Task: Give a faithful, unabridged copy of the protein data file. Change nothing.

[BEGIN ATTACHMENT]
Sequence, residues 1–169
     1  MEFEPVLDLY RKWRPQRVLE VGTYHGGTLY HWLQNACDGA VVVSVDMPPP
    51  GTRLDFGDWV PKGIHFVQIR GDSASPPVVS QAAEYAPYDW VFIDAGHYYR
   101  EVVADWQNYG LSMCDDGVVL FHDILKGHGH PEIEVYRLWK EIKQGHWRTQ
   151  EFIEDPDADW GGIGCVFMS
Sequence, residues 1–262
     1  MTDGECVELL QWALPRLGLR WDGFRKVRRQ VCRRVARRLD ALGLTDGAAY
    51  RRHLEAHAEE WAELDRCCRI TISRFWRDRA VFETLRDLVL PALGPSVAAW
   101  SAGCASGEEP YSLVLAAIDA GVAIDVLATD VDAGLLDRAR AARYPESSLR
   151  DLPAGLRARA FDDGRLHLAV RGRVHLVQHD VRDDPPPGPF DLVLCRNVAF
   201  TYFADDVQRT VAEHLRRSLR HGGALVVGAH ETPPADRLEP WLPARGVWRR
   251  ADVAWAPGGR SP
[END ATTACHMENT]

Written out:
Sequence, residues 1–169
     1  MEFEPVLDLY RKWRPQRVLE VGTYHGGTLY HWLQNACDGA VVVSVDMPPP
    51  GTRLDFGDWV PKGIHFVQIR GDSASPPVVS QAAEYAPYDW VFIDAGHYYR
   101  EVVADWQNYG LSMCDDGVVL FHDILKGHGH PEIEVYRLWK EIKQGHWRTQ
   151  EFIEDPDADW GGIGCVFMS
Sequence, residues 1–262
     1  MTDGECVELL QWALPRLGLR WDGFRKVRRQ VCRRVARRLD ALGLTDGAAY
    51  RRHLEAHAEE WAELDRCCRI TISRFWRDRA VFETLRDLVL PALGPSVAAW
   101  SAGCASGEEP YSLVLAAIDA GVAIDVLATD VDAGLLDRAR AARYPESSLR
   151  DLPAGLRARA FDDGRLHLAV RGRVHLVQHD VRDDPPPGPF DLVLCRNVAF
   201  TYFADDVQRT VAEHLRRSLR HGGALVVGAH ETPPADRLEP WLPARGVWRR
   251  ADVAWAPGGR SP